Study of fuel cell and gas turbine hybrid power systems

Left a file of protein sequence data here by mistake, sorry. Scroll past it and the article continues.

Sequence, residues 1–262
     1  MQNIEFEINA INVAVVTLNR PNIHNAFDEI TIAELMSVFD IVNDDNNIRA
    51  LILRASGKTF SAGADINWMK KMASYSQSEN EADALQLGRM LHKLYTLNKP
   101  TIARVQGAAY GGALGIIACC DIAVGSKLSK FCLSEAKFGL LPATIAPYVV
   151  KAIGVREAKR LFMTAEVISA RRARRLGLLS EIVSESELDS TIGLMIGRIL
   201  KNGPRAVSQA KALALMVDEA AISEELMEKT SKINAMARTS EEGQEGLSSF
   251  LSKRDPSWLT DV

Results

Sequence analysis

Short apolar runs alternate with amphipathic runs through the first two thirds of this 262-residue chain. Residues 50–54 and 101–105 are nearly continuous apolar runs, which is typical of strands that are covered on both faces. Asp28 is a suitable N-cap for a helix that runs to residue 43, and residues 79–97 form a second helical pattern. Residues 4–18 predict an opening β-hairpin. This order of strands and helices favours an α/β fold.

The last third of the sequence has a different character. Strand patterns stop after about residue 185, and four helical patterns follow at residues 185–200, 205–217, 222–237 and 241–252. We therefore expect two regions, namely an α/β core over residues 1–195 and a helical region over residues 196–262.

Environmental awareness and the interest in distributed generation caused by electricity market de-regulation are factors that promote research on renewable energies. Fuel cells transform the chemical energy stored in fuel into electricity by means of electrochemical reactions. Among the different fuel cell types, high temperature fuel cells (HTFCS) have many advantages: high efficiency, low emissions, fuel flexibility, modularity and high quality waste heat. The main disadvantage is their high cost - however, this will be reduced when HTFCS are commercialised. The synergy between HTFCS and gas turbines (GTS) makes HTPC/GTS very efficient power systems for the generation of electricity, from kilowatts to just a few megawatts. The present work focuses on HTFC/GT power systems, analysing their performance, studying some particular applications, and making an economic assessment. The final objective of this Thesis is to define a procedure to assist in the preliminary design of HTFC/GT systems. The authors main contribution is the definition of the Green-Cell Code capable of simulating HTFC/GT systems, the study of their interest for several applications, and the generation of a decision-making method for the preliminary design of HTFC/GT systems. The design and off-design simulation of HTFC/GT cycles have been carried out with the integration of a code developed by the author to simulate HTFC performance, and a commercial code to simulate GT performance. This work is even more valuable given the lack of commercial tools to analyse the system. All of the technical and economic work is collected in a set of charts that assist the procedure of HTFC/GT cycle selection. These charts show that HTFC/GT systems currently achieve thermal efficiencies of about 60%, and will be capable of achieving up to 73% in the future. This is of great interest for power generation applications. The use of a recuperate is required to optimise the performance of the gas turbine and the fuel cell; it is also interesting to use it to generate the maximum amount of power from the HTFC, in order to reduce emissions and increase overall efficiency. Results show that Pressurised MCFC/GT Cycles achieve better performance and economic results that Atmospheric MCFC/GT Cycles. For Pressurised MCFC/GT Cycles, the optimum stack operating pressure is between 5 and 10 bars. The installation of a combustor in Pressurised MCFC/GT cycles leads to higher specific power, higher unit costs of electricity, higher CHP efficiency, and lower thermal efficiency. The use of HTFC/GT cycles to generate heat and power must be seen as a way to improve HTFC/GT efficiency by using the waste heat of exhaust gases, rather than as an optimum application. Results also show that SOFC/GT systems achieve slightly higher results than MCFC/GT systems. Thus, the choice between MCFCs and SOFCs will be based on durability and cost issues rather than on performance issues.